Robert Moore understood that making a personal backup copy of a DVD was protected, as he was not distributing the copy nor re-selling it for profit. He simply wanted some "insurance" against the inevitable accidents of life to protect his property. Mr. Moore realized that other people probably had the same concerns as he did, so he wrote an e-book and published it online. The book was an instant success; within an hour of its publication it was purchased by several interested DVD owners.
321 Studios was founded to answer the demand revealed by the rapid e-book sales. An entrepreneur, Robert Moore started the business out of his home, hiring four family members to fill orders for the fledgling company. The company soon replaced the original e-book with a software package that simplifies the process of creating a DVD backup to allow users that are not technologically savvy to create their own DVD movie archive. Today, 321 Studios has grown to a staff of 300 employees and it is still growing. The firm has offices in three states as well as overseas sales offices and distributors across Europe, Asia, South America, and Australia. Small businesses such as 321 Studios are the source of approximately 75% of new jobs added to the US economy every year3.
321 Studios has taken a strong stance against illegal copying of DVDs. It emphasizes that its product is to be used for lawful personal backup copies only. The company also took technological steps to insure that the product is used in appropriate ways. For example, each backup copy has an invisible "watermark" embedded in it that indicates what computer made the backup. The software's serial copyright management system will not allow backups to be made of other backups; only original DVDs can be used as a source for a backup copy. The software also only allows two backup copies to be made per DVD.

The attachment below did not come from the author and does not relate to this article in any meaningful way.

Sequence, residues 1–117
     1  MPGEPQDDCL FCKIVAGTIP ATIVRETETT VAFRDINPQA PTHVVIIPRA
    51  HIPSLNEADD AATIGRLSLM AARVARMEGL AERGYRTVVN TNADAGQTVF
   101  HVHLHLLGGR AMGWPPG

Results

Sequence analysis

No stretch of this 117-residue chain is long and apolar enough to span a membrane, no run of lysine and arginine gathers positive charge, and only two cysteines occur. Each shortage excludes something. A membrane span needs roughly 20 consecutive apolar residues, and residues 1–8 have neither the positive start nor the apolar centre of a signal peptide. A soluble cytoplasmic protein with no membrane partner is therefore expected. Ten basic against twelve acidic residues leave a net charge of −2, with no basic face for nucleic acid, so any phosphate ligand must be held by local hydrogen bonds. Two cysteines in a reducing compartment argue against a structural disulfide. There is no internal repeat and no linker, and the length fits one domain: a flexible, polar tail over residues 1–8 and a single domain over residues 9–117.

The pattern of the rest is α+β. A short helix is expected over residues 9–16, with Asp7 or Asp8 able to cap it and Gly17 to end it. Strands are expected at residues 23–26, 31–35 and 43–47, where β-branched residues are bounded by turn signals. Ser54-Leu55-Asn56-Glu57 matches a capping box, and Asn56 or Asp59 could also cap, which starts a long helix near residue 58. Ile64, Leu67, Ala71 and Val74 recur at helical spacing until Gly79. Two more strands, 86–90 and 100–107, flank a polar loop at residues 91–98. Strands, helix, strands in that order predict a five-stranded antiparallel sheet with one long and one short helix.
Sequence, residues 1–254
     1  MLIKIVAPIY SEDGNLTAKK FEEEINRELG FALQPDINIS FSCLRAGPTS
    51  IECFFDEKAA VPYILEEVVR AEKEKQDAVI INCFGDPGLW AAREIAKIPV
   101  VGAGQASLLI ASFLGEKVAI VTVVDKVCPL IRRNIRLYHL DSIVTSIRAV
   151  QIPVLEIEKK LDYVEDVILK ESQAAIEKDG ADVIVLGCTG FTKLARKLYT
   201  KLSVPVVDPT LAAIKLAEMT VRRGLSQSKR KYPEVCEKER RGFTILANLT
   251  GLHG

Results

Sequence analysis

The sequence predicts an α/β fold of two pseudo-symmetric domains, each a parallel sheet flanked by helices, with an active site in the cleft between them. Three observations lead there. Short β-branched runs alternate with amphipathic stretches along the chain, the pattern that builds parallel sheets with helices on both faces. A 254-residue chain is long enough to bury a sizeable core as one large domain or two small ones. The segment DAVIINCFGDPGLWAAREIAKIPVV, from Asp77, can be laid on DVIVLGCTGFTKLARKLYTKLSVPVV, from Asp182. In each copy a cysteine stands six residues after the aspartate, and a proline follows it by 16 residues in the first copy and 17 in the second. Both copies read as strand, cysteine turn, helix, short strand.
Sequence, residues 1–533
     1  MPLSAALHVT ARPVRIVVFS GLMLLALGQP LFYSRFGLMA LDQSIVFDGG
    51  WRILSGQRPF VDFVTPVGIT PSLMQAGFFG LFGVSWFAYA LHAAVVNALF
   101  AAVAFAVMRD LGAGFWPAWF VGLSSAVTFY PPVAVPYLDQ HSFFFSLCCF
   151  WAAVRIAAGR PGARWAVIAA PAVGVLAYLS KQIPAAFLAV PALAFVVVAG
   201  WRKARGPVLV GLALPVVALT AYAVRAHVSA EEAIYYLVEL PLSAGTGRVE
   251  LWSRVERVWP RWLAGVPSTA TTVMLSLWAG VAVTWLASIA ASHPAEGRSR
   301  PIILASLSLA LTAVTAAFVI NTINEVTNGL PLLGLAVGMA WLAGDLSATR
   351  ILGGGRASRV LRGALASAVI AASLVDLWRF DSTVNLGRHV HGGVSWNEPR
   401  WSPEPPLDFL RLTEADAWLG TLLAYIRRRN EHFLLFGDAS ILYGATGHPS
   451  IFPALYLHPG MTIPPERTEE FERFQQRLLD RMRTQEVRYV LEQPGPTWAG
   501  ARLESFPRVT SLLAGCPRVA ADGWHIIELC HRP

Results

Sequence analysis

However, Hollywood lawyers and the Digital Millennium Copyright Act (DMCA) in the US and similar "anti-circumvention" laws abroad have taken away the rights of consumers to use the media that they have purchased. In addition to the software being banned, 321 Studios is currently embroiled in several lawsuits seeking millions of dollars in damages. As a result of the lawsuits, consumers are prevented from making Fair Use of media they have purchased.